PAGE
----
In South Kashmir’s Anantnag district, editor of weekly digital magazine Kashmir First, Salman Shah, was detained after a raid of his residence on the night of October 12. Freelance journalist and contributor to private news websites The Kashmiriyat and Maktoob Media, Suhail Dar, was also detained by Kashmir authorities on October 8, with both Shah and Dar moved to Anantnag jail on October 14. Anonymous government officials said that the two journalists were accused of disturbing the public piece and charged under sections 107 and 151 of the Indian Penal Code.
In Srinagar, Mukhtar Zahoor, photojournalist and stringer for the BBC, was detained overnight at a police station after a midnight raid of his home on October 12. According to Zahoor’s relatives, police seized his camera and did not specify a reason for his detainment. Zahoor said police questioned him on his whereabouts on September 1, the day separatist leader, Syed Ali Shah Geelani died, despite already having all the relevant data on his whereabouts and movements for that period. “They also checked my phone and inquired about all the pictures in my gallery,” he said. Following his questioning, Zahoor was released.
On October 13, freelance journalist, Majid Hyderi, was summoned by Jammu and Kashmir’s anti-insurgency police unit for questioning related to his social media posts, two of which were regarding separatist leader, Syed Ali Shah Geelani and Muharram, the advent of the Islamic New Year. Muharram processions were banned in Kashmir 30 years ago until authorities lifted the ban in August of this year. Hyderi said that three plain-clothed police questioned him about his income sources as well as his decision to become a journalist.
Sajud Gul, a fourth freelance journalist and contributor to news websites The Kashmir Walla and Mountain Ink, was called in for questioning by authorities on October 13. Gul was questioned in relation to a video posted to his Twitter profile and a news report on the death of a young man in a gunfight on October 11. The video shows the deceased’s family claiming that police orchestrated the young man’s death. Gul was subsequently released after an hour of questioning.
The five detainments coincide with the arrival of the Press Council of India (PCI) in Kashmir on October 13. The PCI’s three-member committee is investigating claims of intimidation and harassment against journalists. Journalists in Kashmir continue to work under increasingly hostile conditions, with four journalists’ homes raided before their questioning and temporary detainment last month.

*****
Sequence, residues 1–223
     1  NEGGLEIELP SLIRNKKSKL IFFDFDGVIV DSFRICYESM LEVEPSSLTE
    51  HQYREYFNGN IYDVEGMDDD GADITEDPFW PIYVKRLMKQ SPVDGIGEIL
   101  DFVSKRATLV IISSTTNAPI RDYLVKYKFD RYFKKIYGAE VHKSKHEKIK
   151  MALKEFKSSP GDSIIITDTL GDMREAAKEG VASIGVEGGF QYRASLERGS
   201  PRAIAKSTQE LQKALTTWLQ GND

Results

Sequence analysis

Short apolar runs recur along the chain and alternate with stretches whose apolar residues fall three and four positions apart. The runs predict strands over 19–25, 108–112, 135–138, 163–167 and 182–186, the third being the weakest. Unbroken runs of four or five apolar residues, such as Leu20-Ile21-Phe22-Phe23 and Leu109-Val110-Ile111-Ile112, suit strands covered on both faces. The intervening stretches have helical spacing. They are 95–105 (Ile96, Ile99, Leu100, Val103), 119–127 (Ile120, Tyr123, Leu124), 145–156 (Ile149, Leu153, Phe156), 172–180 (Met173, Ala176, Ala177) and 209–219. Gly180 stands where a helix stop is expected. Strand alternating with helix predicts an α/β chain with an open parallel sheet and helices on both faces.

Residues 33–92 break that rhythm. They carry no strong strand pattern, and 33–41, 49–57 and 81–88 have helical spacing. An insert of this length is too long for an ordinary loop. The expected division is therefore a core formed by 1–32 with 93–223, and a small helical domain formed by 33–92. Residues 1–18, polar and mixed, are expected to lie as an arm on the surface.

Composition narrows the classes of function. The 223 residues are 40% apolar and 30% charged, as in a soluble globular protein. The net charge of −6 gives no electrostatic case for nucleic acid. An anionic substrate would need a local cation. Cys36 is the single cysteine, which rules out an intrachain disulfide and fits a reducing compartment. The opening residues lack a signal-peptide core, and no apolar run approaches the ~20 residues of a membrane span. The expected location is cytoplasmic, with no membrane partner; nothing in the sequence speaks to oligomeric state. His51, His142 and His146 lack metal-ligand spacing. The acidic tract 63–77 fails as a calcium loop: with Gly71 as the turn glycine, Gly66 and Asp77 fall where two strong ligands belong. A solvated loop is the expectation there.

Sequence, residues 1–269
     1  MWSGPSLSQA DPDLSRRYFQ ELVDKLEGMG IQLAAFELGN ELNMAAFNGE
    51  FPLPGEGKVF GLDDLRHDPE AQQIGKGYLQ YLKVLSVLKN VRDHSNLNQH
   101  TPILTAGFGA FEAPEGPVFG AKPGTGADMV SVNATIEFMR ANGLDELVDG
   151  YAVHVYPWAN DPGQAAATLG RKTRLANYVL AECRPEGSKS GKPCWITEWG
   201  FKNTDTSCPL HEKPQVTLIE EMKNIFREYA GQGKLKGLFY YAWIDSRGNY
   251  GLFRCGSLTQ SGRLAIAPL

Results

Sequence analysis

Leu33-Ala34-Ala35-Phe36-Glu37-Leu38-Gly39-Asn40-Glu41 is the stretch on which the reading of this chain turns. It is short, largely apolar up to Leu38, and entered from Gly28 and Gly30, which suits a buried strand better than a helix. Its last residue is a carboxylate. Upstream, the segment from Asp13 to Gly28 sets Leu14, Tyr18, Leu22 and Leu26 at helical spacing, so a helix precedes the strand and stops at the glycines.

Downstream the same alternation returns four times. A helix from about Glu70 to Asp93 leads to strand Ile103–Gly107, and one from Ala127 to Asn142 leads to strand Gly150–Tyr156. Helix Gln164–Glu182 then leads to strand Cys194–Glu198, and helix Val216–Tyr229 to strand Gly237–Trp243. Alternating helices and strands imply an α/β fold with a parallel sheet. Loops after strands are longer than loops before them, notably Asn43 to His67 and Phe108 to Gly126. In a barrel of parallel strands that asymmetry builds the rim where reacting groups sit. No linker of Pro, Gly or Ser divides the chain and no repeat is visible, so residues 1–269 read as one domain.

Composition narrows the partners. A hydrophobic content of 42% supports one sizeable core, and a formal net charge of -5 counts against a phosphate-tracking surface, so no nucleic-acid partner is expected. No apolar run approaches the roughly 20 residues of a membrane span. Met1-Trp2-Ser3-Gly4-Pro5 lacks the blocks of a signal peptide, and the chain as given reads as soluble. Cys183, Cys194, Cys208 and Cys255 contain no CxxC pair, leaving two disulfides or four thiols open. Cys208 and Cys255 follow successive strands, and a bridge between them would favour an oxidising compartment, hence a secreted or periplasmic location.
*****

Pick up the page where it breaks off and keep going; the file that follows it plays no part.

The IJU president, Geetartha Pathak, said: “IJU demands the immediate release of journalists arrested and detained since October 8 and asks the Kashmir authorities to stop arresting and harassing journalists. If the pattern of attack on freedom of press in Kashmir is not resisted this may be extended in other parts of the country. IJU therefore appeals to all stakeholders of freedom of press and freedom of expression to raise their voice against the onslaught on the journalists in Kashmir.”
The NUJ-I president, Ras Bihari, said: “Jammu and Kashmir is becoming a camp for terrorists and one of the world’s most dangerous countries for journalists. They are exposed to every kind of attack, including police violence against reporters, ambushes by political activists, and reprisals instigated by criminal groups. This action is against Press Freedom, we are going to take up this issue with authorities."
The IFJ said: “These arbitrary detainments and investigations into media workers are further evidence of the increasing systemic intimidation and harassment of independent media by the authorities in Kashmir. These acts are not isolated incidents and are clear attempts to stifle a free press. The IFJ calls for the immediate release of Salman Shah and Suhail Dar and the cessation of police harassment towards journalists in Kashmir.”